On Monday, the Georgia Department of Public Health touted newly passed legislation that, in the view of the agency, helps protect children from the dangers of lead.
In a statement, Kathleen E. Toomey, M.D., M.P.H., commissioner, Georgia Department of Public Health (DPH), said, “DPH is extremely grateful to the members of the General Assembly and the Governor for their decisive action which allows for a more robust program for identifying and preventing cases of lead poisoning, and protecting the children of Georgia.”
Chris Rustin, DrPH, MS, REHS, DPH deputy commissioner, added, “With passage of this important legislation and added funding, DPH will hire 18 additional lead inspectors statewide to investigate cases of lead exposure, educate families on ways to reduce exposure, and work with property owners to eliminate and reduce the source of lead. This will protect more Georgia children and families.”
According to GDPH, “There is no safe amount of lead in a child’s blood. Even small amounts of lead can result in damage to the brain and nervous system, cause behavioral problems, learning difficulties and other medical issues – all of which may be permanent.”
In the opinion of the department, legislation passed by the Georgia General Assembly and signed into law by the governor, increases protection for Georgia children who may be exposed to lead.
The new Georgia law lowers the threshold for confirmed lead poisoning from 20 to 3.5 micrograms of lead per deciliter. That level is now in line with the guidance from the Centers for Disease Control and Prevention (CDC).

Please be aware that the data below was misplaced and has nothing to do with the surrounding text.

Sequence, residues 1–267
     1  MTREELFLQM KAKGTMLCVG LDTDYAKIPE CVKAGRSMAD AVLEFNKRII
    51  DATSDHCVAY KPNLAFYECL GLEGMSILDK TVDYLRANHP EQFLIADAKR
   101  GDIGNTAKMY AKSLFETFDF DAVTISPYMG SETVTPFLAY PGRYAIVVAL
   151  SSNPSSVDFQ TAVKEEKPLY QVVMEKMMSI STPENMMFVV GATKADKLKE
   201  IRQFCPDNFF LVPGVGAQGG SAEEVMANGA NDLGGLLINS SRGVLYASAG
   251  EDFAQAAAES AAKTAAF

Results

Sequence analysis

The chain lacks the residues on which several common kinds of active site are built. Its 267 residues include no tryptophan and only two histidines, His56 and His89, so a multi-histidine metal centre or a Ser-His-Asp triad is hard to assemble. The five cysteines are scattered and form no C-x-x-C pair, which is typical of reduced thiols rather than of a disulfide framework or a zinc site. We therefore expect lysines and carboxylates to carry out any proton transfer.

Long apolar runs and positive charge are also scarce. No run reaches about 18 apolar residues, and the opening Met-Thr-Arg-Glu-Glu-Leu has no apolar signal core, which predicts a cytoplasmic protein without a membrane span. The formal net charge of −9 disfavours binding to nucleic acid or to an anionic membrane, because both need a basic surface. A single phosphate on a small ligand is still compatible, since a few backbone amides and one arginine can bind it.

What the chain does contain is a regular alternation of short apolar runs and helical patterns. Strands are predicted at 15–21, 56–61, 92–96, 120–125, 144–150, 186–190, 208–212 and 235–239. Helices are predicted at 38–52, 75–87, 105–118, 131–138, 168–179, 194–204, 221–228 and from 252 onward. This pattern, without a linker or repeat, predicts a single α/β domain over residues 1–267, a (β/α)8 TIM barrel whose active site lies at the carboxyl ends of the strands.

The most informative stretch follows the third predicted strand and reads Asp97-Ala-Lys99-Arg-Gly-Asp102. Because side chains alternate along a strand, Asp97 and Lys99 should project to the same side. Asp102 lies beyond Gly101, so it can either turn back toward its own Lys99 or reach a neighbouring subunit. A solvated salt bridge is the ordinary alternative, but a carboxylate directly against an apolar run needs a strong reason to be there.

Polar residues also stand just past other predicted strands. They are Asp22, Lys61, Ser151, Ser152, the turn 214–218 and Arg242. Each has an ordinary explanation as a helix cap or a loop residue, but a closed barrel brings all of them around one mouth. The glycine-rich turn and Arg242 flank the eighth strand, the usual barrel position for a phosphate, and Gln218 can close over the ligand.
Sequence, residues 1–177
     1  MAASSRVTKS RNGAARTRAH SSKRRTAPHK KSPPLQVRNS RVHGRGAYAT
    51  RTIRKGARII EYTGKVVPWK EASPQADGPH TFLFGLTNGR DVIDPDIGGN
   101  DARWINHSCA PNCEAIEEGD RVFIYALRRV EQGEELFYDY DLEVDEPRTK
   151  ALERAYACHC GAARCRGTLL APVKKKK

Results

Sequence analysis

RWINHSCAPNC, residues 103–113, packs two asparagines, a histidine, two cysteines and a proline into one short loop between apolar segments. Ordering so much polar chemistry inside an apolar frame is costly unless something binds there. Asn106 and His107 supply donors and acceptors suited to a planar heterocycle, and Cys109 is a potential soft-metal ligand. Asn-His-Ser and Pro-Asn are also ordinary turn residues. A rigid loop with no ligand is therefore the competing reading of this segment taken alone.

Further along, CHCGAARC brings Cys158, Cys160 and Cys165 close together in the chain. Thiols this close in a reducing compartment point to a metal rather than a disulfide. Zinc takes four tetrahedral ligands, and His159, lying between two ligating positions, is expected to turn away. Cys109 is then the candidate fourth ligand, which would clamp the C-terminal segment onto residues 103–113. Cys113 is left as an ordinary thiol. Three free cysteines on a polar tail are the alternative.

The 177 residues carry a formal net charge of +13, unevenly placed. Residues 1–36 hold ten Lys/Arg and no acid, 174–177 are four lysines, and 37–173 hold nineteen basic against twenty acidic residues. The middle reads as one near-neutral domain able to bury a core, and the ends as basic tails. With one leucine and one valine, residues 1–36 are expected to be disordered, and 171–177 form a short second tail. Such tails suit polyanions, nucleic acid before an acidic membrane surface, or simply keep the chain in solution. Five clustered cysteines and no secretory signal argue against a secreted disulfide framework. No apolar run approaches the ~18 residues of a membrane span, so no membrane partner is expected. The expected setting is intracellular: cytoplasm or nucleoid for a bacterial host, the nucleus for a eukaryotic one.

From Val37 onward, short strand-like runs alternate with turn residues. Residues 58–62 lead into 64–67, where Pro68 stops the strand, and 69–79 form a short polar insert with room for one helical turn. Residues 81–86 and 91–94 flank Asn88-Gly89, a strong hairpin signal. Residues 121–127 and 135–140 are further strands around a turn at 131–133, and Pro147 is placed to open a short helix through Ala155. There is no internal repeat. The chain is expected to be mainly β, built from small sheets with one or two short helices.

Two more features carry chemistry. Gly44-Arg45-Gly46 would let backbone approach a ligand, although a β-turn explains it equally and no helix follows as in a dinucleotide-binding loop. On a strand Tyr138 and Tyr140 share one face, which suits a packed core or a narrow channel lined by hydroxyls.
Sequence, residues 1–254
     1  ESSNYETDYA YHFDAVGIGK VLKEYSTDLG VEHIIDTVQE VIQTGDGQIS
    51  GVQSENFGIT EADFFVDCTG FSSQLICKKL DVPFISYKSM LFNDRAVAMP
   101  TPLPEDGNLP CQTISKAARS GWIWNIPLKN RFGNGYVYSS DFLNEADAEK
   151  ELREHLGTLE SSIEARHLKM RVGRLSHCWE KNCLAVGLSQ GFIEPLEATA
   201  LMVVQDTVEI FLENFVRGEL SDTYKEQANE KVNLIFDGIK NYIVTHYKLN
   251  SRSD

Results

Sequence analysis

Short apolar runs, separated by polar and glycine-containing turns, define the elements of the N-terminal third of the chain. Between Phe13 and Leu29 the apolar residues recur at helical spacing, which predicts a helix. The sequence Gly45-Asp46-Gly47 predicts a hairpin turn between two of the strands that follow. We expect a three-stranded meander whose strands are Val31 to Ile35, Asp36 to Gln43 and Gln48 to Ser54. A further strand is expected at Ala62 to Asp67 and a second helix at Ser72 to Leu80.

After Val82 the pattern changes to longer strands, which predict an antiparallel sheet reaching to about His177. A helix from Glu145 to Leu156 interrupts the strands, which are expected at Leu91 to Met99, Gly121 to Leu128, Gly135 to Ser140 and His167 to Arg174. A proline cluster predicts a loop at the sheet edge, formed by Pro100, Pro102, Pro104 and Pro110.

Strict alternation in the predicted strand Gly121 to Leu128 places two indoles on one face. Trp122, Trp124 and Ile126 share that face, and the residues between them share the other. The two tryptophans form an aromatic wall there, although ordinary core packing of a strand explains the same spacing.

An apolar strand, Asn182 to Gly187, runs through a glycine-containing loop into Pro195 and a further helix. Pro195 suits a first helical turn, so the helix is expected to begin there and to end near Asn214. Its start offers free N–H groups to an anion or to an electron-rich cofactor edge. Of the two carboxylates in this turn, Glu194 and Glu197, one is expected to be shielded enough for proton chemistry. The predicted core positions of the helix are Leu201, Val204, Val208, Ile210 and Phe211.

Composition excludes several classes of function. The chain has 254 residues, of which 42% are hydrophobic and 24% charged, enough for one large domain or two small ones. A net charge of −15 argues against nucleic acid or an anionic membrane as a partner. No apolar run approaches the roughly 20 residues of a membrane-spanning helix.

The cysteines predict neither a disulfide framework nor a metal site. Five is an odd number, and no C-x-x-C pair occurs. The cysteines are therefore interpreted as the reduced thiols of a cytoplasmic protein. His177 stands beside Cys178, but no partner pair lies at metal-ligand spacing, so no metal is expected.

Blood lead level is measured in micrograms of lead per deciliter.
Simple blood tests can detect lead poisoning and measure levels. The test is conducted by retrieving a small amount of blood from the person being tested. That is done via a finger or heel prick or from a vein in the arm. Based on a child’s blood lead test results, healthcare providers are able to recommend a course of care and follow-up procedures.
The Georgia Department of Public Health “strongly urges parents to have their children tested for lead,” as children can often be exposed without obvious initial symptoms.
“Lead can be found in many places in a child’s environment, but lead exposure is preventable. The key is stopping children from coming into contact with lead,” the agency added in the release.
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Aaron Gulbransen is a reporter at The Georgia Star News and The Star News Network. Email tips to [email protected]. Follow Aaron on GETTR, Twitter, and Parler.
Photo “Child Drinking Water” by Aqua Mechanical. CC BY 2.0.